© The Financial Times Ltd 2016
FT and 'Financial Times' are trademarks of The Financial Times Ltd.
The Financial Times and its journalism are subject to a self-regulation regime under the FT Editorial Code of Practice.
December 6, 2010 12:06 am
The day I was accepted into the MBA programme at Saïd Business School in Oxford was one of the happiest of my life – I could not stop smiling. I called my friends and family to tell them the good news. Everyone had something encouraging to say. “The world is your oyster,” said my grandfather.
My life was suddenly filled with possibilities and the promise of a bright new future. All those hours of mind-numbing GMAT study and application writing had finally paid off. My acceptance felt like the ultimate endorsement of all my efforts and achievements. In my mind, the subtext of the acceptance letter said: “You are worthy of an MBA education. You are unique and we need you to contribute to our programme.”
By that time, at the age of 25, I had worked my way up and made a name for myself in Canadian business journalism. My career had progressed quickly: after an entry-level job at a television station, I wrote hourly newscasts for television anchors, co-hosted a morning radio show, reported on news at a major Toronto station and hosted my own daily business radio show. As a radio host, I interviewed fascinating business people, including Donald Trump and Steve Wozniak.
As I looked back at my career and forward to my MBA, I felt I had something to be proud of. However, I knew that completing my MBA would be an uphill battle. I did not have the typical MBA corporate work experience and I had no quantitative background to speak of. Therefore, in the months leading up to the programme, I braced myself for a challenge. I tried to familiarise myself with Microsoft Excel, undertook pre-course reading and sought advice from former MBA students.
But nothing could truly prepare me. During my first week at Oxford, I met my classmates: 234 outstanding people with amazing stories to tell. I met entrepreneurs, engineers, doctors, lawyers and consultants. I met a classmate fluent in five languages, a woman who ran an Aids education programme in Africa and a former professional basketball player.
While some classmates were impressed I was a “radio star”, I felt my star fading as I met people whose achievements dwarfed mine. It was an exciting, humbling experience. Then, suddenly, classes and tutorials began.
Parties, dinners, networking events and recruitment drives began in earnest. I was invited along to every activity imaginable: gliding, coffee tasting and salsa dancing, to name a few. My calendar and e-mail inbox were so full that I barely knew where to begin. As I tried to keep my head above water and struggled with my courses, my classmates were running out to parties, taking part in sports and chatting up recruiters. It seemed like everyone else was doing better and more.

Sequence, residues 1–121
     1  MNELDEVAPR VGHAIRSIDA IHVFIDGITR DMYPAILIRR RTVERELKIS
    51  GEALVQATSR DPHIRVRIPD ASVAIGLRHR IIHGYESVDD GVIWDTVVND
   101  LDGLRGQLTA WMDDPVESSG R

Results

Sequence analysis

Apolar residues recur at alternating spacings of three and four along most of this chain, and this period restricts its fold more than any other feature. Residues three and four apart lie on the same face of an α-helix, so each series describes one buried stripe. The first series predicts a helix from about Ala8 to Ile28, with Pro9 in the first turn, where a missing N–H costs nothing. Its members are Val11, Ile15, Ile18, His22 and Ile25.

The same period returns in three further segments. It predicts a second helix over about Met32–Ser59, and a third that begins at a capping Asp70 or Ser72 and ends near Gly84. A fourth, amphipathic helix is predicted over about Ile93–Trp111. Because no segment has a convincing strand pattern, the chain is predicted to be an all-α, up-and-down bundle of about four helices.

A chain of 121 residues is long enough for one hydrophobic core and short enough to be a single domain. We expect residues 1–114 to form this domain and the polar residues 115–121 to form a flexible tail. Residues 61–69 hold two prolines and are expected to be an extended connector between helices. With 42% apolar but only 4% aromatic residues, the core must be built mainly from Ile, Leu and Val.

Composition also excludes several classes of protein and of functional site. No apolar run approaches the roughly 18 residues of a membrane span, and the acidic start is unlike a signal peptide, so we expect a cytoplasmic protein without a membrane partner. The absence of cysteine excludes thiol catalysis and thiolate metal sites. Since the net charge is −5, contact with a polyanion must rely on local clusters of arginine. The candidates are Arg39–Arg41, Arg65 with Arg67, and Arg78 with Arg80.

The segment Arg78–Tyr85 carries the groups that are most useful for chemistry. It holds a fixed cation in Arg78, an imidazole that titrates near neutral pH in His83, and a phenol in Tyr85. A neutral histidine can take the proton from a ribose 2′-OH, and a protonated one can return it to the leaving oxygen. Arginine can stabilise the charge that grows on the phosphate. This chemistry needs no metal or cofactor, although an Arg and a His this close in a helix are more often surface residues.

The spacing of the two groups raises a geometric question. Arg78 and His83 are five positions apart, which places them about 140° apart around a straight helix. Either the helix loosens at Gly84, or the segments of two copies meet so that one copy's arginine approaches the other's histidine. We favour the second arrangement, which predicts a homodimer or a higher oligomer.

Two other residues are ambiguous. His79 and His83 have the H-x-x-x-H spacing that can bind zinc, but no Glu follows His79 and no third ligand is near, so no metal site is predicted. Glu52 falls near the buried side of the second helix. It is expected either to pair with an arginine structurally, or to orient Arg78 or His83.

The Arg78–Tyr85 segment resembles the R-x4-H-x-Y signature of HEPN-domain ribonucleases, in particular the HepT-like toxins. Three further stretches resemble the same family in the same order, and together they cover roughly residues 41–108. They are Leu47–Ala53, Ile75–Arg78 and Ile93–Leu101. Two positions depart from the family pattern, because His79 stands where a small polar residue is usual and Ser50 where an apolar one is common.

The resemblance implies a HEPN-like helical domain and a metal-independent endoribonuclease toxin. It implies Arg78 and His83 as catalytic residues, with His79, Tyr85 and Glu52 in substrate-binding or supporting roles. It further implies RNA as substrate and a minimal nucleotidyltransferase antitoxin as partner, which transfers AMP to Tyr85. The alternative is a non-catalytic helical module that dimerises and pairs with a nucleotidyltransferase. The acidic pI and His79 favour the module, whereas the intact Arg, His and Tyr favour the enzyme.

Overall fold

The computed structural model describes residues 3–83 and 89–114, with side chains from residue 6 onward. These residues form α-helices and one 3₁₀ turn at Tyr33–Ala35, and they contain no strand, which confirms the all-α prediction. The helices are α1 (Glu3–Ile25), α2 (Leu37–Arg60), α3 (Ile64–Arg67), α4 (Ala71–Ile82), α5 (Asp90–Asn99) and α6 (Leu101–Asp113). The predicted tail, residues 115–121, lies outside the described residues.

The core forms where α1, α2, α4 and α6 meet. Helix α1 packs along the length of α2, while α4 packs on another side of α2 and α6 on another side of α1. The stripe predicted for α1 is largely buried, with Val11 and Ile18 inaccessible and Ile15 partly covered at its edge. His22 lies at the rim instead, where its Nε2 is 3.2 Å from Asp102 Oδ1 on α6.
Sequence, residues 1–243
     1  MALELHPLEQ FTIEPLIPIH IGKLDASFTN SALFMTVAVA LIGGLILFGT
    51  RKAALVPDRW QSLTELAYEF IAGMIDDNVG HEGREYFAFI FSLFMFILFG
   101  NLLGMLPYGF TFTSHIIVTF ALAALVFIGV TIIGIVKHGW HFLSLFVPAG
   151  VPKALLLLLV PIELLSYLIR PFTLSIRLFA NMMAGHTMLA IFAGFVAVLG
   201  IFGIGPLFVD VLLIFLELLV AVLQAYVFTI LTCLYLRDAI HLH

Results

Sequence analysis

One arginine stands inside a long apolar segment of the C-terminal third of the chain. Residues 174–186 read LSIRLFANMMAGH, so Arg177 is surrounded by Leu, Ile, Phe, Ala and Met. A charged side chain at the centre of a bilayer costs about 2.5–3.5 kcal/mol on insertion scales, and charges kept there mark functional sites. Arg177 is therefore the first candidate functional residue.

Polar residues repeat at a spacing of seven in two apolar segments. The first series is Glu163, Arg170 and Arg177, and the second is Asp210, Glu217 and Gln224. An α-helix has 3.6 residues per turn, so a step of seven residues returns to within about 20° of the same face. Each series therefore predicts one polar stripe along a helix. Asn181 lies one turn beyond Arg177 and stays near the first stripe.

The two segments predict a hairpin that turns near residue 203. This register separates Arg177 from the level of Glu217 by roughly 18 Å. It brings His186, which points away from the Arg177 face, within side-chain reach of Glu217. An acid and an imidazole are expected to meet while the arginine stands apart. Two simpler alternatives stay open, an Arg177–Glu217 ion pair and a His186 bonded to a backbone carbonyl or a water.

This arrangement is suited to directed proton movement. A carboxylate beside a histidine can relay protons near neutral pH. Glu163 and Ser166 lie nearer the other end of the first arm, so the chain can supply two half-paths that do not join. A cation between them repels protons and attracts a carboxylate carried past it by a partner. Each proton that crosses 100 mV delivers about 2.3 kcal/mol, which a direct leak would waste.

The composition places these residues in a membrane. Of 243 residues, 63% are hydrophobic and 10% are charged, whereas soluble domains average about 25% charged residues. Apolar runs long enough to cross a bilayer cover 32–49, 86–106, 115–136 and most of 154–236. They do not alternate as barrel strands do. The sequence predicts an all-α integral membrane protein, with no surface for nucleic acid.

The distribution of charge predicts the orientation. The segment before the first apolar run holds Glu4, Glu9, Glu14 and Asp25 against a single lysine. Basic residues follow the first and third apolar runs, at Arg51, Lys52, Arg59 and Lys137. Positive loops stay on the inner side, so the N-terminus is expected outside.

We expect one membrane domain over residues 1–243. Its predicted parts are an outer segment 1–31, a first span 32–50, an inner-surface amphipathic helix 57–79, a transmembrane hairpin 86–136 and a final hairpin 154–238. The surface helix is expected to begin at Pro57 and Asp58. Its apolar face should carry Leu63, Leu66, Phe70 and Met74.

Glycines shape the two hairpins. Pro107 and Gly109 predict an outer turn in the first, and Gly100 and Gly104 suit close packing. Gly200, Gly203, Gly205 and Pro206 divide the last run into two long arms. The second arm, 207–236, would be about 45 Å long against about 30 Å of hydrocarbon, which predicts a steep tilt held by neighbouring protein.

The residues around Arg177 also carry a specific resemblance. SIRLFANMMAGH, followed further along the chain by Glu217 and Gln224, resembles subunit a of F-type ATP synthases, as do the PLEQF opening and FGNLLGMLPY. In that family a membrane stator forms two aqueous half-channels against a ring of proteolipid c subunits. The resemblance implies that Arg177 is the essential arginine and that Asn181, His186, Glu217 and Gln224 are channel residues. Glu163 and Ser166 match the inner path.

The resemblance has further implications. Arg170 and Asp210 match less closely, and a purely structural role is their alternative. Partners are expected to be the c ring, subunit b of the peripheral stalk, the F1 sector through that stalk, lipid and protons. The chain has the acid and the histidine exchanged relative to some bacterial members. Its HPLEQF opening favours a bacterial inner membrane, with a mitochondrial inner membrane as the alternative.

The school swarmed with classmates in business attire, rushing to finance and consulting recruitment events. I began thinking: “Maybe I should be going too – am I leaving my job search too late? How do these people have time for class and recruiting events?”
It seemed I was never productive enough, and my “to do” list kept growing. A refrain began playing in my head: “I’m not doing enough. I’m not quite good enough.” Thankfully, after speaking with my classmates, I found solace in the fact that I was not alone. This “I’m not good enough” feeling was universal.
People said: “You’re blogging for the FT, you’re our class rep, you’re studying and you’re going to parties. How can you say you’re not doing enough? I feel as if I’m not doing enough, compared with everyone else.”
Meanwhile, other classmates were suffering MBA buyer’s remorse, asking: “Did I do the right thing? I’ll graduate with a mountain of debt. This is difficult on my relationships. Is it really worth it?”
This is the essence of the MBA experience: you come in feeling good about yourself, then the MBA knocks the wind out of you and beats you down, only to eventually build you back up again.
The other day, a classmate told me: “Alanna, this stress is artificial. The MBA is designed to stress you out and see if you can handle it. Don’t worry so much.”
This advice brought to mind a statement by Philip Delves Broughton, author of Ahead of the Curve: Two Years at Harvard Business School about the MBA experience. He wrote: “Comparison is the death of happiness,” and he was right. Constantly comparing myself to my investment banker classmates was counterproductive.
The stress induced by comparison is the only way to explain how 235 competent, self-confident people from different industries and backgrounds can all come together and start to experience paralysing self-doubt.
I have learnt that the main thing to keep in mind as an MBA student is that you have limitations as a human being. You cannot possibly do what everyone else is doing, but that’s OK. Focus on yourself, focus on what you want and block out the external noise. Admittedly, this is difficult. I wrestle with it daily.
But recognising that we cannot do everything is a key step towards a productive and fulfilling MBA experience, which is ultimately the main goal.
Copyright The Financial Times Limited 2016. You may share using our article tools.
Please don't cut articles from FT.com and redistribute by email or post to the web.